Republican Party in need of updated image, must disband intolerant wing 

The GOP is held back by its seeming refusal to adapt to America’s changing dynamic

Well thank goodness that’s over. President Obama has been reelected and will reap the rewards of a slow economic recovery. In four more years, the economy will be better, unemployment will be down and happiness will be up. I make these assertions not because of any of the Obama administration’s policies in particular. It’s just the natural progression of economic downturns and upturns. If Governor Romney had won, the economy would have improved as well. It’s just the way things go.

Taxes will go up, but not much. Most of us will not experience an increase at all, and there will only be a minuscule one for those of you with means. The job market will get better and the dollar will get stronger. And all of these things, including the tax increase, would have happened under President Romney.
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It is uncharacteristic of me to speak of happy times and good things. It is not my milieu. I love entropy, disaster and horrific catastrophes. Keeping with my own passion for utter despair, I will now turn to the Republican Party.

The Republican Party is a train wreck. They lost the presidency and failed to make gains in Congress because they have refused to adapt to changing times. They did not lose because Romney was a bad candidate. Romney was the moderate governor of a liberal state, a robot with little to no personality, a subscriber to a religion that many Republicans consider little more than a cult, and smugly and unrepentantly wealthy. All that and he still won a hard fought primary against a group of idealist Republicans. He was not a bad candidate.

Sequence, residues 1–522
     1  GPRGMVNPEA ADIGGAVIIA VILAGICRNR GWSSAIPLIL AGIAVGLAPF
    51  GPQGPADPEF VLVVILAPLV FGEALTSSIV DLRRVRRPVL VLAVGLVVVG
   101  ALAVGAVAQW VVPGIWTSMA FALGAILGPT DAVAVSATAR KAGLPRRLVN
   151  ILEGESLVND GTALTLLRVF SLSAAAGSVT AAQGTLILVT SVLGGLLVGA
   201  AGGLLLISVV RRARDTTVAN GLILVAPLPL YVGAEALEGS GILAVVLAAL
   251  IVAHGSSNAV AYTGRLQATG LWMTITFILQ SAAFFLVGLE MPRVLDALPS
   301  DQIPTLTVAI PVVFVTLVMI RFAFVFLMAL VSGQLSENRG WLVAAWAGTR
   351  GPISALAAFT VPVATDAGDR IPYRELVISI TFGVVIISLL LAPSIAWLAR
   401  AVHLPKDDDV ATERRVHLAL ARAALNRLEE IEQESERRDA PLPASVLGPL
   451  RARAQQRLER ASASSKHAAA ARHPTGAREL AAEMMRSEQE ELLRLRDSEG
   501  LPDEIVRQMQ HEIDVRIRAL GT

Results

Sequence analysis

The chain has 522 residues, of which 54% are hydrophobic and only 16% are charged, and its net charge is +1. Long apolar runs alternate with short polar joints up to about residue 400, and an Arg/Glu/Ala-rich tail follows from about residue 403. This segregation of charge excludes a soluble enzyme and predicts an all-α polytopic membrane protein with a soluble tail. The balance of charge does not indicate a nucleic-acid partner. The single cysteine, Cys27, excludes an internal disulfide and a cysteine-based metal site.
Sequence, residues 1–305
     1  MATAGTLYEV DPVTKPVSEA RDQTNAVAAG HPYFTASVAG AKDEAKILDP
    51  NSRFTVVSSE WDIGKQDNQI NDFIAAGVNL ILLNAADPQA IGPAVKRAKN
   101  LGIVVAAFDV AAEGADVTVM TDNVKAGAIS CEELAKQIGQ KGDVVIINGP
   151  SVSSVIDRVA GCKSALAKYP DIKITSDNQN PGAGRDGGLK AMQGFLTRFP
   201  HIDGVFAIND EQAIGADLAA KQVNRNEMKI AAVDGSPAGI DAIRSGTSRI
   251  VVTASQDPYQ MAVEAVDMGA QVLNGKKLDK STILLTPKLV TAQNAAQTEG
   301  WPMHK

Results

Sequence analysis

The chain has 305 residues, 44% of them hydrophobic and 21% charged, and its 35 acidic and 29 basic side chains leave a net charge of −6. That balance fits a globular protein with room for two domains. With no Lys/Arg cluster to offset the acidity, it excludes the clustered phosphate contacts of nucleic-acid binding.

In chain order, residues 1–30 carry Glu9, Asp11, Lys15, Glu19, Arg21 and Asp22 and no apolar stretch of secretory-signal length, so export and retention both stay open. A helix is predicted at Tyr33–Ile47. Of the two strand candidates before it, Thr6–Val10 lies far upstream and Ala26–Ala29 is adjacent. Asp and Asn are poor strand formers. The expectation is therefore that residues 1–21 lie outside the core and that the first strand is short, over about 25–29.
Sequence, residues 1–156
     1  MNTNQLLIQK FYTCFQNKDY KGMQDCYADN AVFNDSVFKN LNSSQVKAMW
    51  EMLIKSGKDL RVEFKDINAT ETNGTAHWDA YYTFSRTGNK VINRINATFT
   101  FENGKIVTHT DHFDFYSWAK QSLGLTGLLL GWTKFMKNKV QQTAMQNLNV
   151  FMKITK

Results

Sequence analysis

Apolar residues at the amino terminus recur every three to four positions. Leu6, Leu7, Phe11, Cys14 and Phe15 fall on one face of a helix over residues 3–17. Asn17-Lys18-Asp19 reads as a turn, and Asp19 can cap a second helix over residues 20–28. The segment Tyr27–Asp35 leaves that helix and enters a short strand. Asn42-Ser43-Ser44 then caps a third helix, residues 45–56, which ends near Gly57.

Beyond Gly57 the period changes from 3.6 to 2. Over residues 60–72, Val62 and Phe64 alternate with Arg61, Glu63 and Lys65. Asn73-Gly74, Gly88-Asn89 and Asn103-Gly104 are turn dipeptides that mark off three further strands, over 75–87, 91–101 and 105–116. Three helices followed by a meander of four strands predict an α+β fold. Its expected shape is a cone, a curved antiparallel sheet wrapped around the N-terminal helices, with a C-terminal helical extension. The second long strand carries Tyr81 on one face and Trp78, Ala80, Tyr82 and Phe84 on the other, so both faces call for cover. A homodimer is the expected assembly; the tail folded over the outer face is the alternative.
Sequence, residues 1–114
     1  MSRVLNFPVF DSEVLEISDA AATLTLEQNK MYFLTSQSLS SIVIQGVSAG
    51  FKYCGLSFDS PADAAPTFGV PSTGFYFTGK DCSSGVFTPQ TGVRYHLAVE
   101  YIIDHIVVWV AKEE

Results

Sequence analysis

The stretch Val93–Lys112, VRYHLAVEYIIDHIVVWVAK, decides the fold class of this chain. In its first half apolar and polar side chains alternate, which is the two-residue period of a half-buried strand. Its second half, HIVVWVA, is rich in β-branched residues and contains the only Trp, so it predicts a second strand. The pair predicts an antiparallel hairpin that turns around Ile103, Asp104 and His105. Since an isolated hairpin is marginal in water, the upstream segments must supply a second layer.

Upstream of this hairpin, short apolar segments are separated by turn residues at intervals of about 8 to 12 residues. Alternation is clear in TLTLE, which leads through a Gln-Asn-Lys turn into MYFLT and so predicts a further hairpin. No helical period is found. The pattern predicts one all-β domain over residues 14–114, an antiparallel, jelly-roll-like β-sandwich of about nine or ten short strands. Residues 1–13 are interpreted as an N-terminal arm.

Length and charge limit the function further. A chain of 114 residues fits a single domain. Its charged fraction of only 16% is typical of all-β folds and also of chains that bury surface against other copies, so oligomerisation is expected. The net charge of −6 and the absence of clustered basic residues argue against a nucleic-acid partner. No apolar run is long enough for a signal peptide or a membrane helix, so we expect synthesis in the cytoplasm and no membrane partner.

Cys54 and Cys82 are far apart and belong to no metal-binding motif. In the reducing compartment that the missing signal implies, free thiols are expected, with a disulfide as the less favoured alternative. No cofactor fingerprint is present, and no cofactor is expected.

The problem was that he had to run so far to the right in order to win the primary, and then stayed so far to the right in order to keep the base in line, he was not able to tack back to the political center until it was too late. Look at his poll numbers. They did not start to gain on Obama until after the first debate when Romney was finally able to tell America he was a moderate. If he had been able to to do that at the RNC, he would have had a better chance of winning over the center.

Romney ran as a strong social conservative who could cure the ailing economy. The problem with this is that the economy is not ailing. It’s not vibrant, but it is getting better. This is not to say that no one based their vote on the state of the economy, but just as many voters feel the economy is improving as feel it is in the toilet. Romney consistently polled better than Obama on the ability to handle the economy, and if that had been the main issue on voters’ minds, he likely would have won. But it wasn’t the economy that was on voters’ minds when they cast their ballots.

It was social issues that prevented Romney from winning. The polls show that Romney only decisively won a single group: White males. He did get some high numbers with other groups, but white males were the only group that fully embraced Romney (or, more likely, expressed their dislike of Obama). Now the political pundits like to talk about all the different social issues that cost Mr. Romney the election — health care (especially for women), immigration, gay marriage, etc. — but those are all just examples of a deeper issue.